Verizon cancels scheduled appointments for Internet installation and repairs, according to some customers and two Edge journalists with persistent problems on the Internet. The decision potentially leaves Fios subscribers without wired Internet at a time when they likely rely on it to work and see their friends and family during the COVID-19 pandemic.
“We minimize our home installation work to critical needs to ensure the safety of our employees and customers and to reduce the spread of COVID-19,” said Verizon in a support document.
“To reduce the spread of COVID-19 and keep our employees and customers safe, we strive to do work without entering homes or small businesses and limit home installations to medical emergencies and critical facilities Says Verizon. The edge in a report. Self-installation options are also available for “qualified service orders,” the company added.
However, Verizon actually changed the language of the support document Tuesday morning, according to Internal of the business community. Previously, the site said that “our technicians will not be able to enter your home or business to install new services or perform repair work”.
Here is the previous language, from a version of the page archived Monday:
Following COVID-19, we take precautions to ensure the safety of our employees and customers. For the moment, our technicians will not be able to enter your home or business to install new services or carry out repair work. Qualified orders will receive self-installation options, or you can place an order for installation required by a technician and it will be kept for future appointment priority. You will receive a notification to select an installation date when we resume operations.
Twitter users have reported that their installation appointments have been canceled. A said yesterday that his installation appointment was canceled for the internet he needed for school. In a response, Verizon said its “technicians will not be able to enter your home to install new services or carry out repairs”.
Following COVID-19, we take precautions to ensure the safety of our employees and customers. For the moment, our technicians will not be able to enter your home to install new services or carry out repair work.
– Verizon Support (@VerizonSupport) April 6, 2020
Earlier in the day, Verizon told a customer who said their installation appointment had been canceled that “qualified orders will be provided with self-installation options” and that they will be given “priority future appointment “if he opted for installation by a technician.
Qualified orders will receive self-installation options, or you can place an order for installation required by a technician and it will be kept for future appointment priority. You will receive a notification to select an installation date when we resume operations
– Verizon Support (@VerizonSupport) April 7, 2020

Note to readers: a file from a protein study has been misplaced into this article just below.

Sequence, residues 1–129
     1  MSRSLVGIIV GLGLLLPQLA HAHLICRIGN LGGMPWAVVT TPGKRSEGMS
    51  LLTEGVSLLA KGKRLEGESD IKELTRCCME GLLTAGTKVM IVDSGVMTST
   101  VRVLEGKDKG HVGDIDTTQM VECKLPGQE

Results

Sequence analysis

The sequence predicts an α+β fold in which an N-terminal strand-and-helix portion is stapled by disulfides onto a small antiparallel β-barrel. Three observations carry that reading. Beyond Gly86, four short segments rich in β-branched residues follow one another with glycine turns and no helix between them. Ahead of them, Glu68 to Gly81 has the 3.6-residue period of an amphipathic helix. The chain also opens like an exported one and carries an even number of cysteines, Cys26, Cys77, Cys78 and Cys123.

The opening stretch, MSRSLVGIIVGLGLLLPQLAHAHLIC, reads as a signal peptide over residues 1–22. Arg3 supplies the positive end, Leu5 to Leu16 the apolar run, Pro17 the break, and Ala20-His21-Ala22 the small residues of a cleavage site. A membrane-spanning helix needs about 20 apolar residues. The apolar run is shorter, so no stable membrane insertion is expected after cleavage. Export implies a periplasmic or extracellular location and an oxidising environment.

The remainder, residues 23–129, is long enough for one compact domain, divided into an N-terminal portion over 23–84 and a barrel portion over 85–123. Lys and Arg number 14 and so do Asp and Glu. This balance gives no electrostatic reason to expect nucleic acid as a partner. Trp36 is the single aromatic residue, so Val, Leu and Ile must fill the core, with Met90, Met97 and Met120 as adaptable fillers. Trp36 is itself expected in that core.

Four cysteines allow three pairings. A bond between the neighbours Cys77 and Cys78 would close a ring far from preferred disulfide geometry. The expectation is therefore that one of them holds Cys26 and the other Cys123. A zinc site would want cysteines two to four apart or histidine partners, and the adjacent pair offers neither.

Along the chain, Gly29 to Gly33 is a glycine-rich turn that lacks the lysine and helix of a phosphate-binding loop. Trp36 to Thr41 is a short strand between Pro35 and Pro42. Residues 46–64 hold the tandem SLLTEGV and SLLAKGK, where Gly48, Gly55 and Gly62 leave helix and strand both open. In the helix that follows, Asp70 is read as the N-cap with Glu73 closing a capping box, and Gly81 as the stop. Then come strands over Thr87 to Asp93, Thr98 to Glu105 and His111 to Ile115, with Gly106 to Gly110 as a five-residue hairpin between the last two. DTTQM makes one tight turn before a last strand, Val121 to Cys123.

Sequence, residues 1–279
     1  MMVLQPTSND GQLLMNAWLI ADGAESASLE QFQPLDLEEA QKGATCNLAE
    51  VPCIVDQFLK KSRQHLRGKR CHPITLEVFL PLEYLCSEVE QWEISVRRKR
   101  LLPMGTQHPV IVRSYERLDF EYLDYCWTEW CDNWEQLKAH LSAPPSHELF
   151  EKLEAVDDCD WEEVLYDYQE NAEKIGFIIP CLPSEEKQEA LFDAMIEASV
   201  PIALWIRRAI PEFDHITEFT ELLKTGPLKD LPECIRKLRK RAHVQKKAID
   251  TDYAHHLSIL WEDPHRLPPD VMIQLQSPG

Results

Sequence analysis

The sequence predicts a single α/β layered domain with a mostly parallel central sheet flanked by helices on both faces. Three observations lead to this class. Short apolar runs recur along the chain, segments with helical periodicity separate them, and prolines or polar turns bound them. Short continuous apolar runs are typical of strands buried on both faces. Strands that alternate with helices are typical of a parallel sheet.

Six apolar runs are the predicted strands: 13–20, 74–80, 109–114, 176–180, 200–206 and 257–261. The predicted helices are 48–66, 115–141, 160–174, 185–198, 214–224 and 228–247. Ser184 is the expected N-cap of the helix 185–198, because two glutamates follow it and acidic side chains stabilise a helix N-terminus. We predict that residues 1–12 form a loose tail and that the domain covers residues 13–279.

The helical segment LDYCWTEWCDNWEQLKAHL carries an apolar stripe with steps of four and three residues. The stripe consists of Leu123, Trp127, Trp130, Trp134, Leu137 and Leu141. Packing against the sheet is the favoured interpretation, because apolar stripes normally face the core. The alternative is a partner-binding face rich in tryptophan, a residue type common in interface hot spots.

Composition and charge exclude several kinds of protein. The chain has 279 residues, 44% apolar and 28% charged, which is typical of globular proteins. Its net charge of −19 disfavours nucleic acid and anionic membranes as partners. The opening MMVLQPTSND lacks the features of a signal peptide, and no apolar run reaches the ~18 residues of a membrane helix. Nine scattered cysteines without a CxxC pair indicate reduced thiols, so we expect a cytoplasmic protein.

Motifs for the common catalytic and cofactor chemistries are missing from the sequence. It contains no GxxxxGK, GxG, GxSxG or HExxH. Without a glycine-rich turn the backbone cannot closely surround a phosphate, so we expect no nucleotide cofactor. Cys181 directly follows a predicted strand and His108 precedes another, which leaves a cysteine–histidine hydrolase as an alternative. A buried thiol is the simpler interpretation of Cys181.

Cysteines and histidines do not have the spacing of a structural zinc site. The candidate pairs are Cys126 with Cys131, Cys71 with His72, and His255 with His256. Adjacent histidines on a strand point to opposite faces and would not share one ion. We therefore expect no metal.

Some Twitter users reported that Verizon was telling them that a technician could fix their Internet in November, but Verizon replied in response to one of these users that the November date was “incorrect” and was “just a placeholder for customers of your region”.
Jass, this information is incorrect. This date is simply a space reserved for customers in your region. We will contact you once we have received permission to provide you with an earlier date. Thank you.
– Verizon Support (@VerizonSupport) April 1, 2020
Verizon’s new policies have also affected journalists here at The edge. Science journalist Loren Grush has had no Internet since Verizon since April 1. A technician came to his apartment that day to investigate, but they said that an engineering technician should investigate the problem and possibly repair it. The appointment of the engineering technician was scheduled for yesterday, but they never showed up. Verizon told Grush that a new protocol was implemented on April 6, which meant that technicians could no longer enter her home.
“I tried to call today, but I was basically told” engineering will call you, “” Grush said in a Slack message. “We have to wait for them to call us, and since this new rule is in place, I am not hopeful.”
In the meantime, Grush and her husband have been forced to rely on their mobile Internet hotspots, which they need for their work at the moment. She says she has almost reached her mobile data cap, while her husband has had to pay to add a higher data cap. “I’m worried [that] once we reach the ceiling, the Internet will be unusable, ”said Grush.
Makena Kelly, political journalist at The edge, has also had problems with its Internet Fios since April 1. A technician was scheduled to check the problem on April 4, but the Internet came back, so Verizon canceled the appointment, she said in a Slack message. The internet was released again later that day and Kelly was unable to reschedule an appointment.
To help customers resolve issues that don’t require a technician to get in person, Verizon says The edge that he piloted “a virtual assistant technological tool which allows our technicians in the field to interact with customers via an interactive video chat in real time”. The company did not respond to questions from The edge on the size of this pilot or when it could be deployed more widely.